Fire safety in your home
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Why is it so important that you regularly check your household smoke and carbon monoxide detectors.
Many take this essential piece of fire protection equipment for granted but it could literally make the difference between life and death in the case of a fire emergency. Let’s check out some of the steps you should take to ensure that smoke alarms are in optimum working condition.
- Carbon monoxide alarm are now required near all sleeping areas in residential homes and in the service rooms, and adjacent sleeping areas in multi-residential units. Carbon monoxide alarms can be hardwired, battery-operated or plugged into the wall (Ontario Fire Code).
- Install smoke alarms outside each bedroom and sleeping area, and on each level of your home, including the basement. For maximum protection, install at least one ionization and one photoelectric type smoke alarm on each level of your home. Ionization type smoke alarms typically respond first to fast flaming fires. They are best suited for rooms that contain highly combustible materials. Photoelectric type smoke alarms typically respond first to slow smoldering fires and are less prone to nuisance alarms near the kitchen area. These models are best suited for living rooms, bedrooms and near kitchens.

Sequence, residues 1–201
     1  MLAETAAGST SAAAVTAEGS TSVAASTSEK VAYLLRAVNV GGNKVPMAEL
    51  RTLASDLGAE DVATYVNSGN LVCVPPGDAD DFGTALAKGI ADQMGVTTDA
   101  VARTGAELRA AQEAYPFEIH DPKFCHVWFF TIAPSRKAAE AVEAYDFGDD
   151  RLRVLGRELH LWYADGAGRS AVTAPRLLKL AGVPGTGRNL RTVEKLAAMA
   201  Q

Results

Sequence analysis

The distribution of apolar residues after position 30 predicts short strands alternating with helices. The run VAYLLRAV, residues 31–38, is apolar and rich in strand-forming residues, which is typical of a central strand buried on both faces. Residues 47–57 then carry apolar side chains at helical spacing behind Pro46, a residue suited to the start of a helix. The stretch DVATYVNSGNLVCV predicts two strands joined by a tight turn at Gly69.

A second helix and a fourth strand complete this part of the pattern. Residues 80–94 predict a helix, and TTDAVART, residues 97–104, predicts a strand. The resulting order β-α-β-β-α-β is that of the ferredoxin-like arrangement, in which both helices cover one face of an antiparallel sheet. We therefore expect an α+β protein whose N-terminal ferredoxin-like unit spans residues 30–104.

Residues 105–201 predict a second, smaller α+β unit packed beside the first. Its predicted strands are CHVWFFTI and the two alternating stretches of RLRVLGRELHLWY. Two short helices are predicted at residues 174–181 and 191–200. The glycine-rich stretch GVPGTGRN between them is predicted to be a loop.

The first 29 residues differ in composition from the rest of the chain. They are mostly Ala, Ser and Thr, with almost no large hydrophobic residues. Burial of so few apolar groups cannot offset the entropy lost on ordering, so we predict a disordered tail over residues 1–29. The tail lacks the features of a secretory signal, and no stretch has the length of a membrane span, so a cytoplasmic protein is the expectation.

- Test your alarms monthly by pushing the test button. Once a year, use a smoldering item (cotton string) until the smoke makes the alarm sound. When possible smoke alarms should be interconnected. When one sounds, they all sound. If the alarm is battery-powered and doesn’t sound, replace it with a new battery and try again. If it’s electrically connected to household circuits and doesn’t sound, check the fuse and try again. In either case, if the alarm still isn’t working, replace the entire unit. Read and follow every step of the manufacturer’s directions when you install your smoke alarms.
- It is recommended that you replace the batteries in your alarms twice a year, or when you hear intermittent beeping. Don’t use rechargeable batteries. Unlike regular batteries, they lose their charge without emitting any warning signal.
- Replace any smoke alarms that is more than ten years old.
- Investigate any false alarms, and have an escape plan in case of a real fire. Make sure everyone in your home recognizes the sound of the alarm and knows what to do in case of a fire. Know two ways out of every room and have a prearranged meeting place outside. Practice your home fire escape plan regularly. Once out, stay out, and call the fire department from the nearest phone. Never go back into your home until the fire department says it is safe.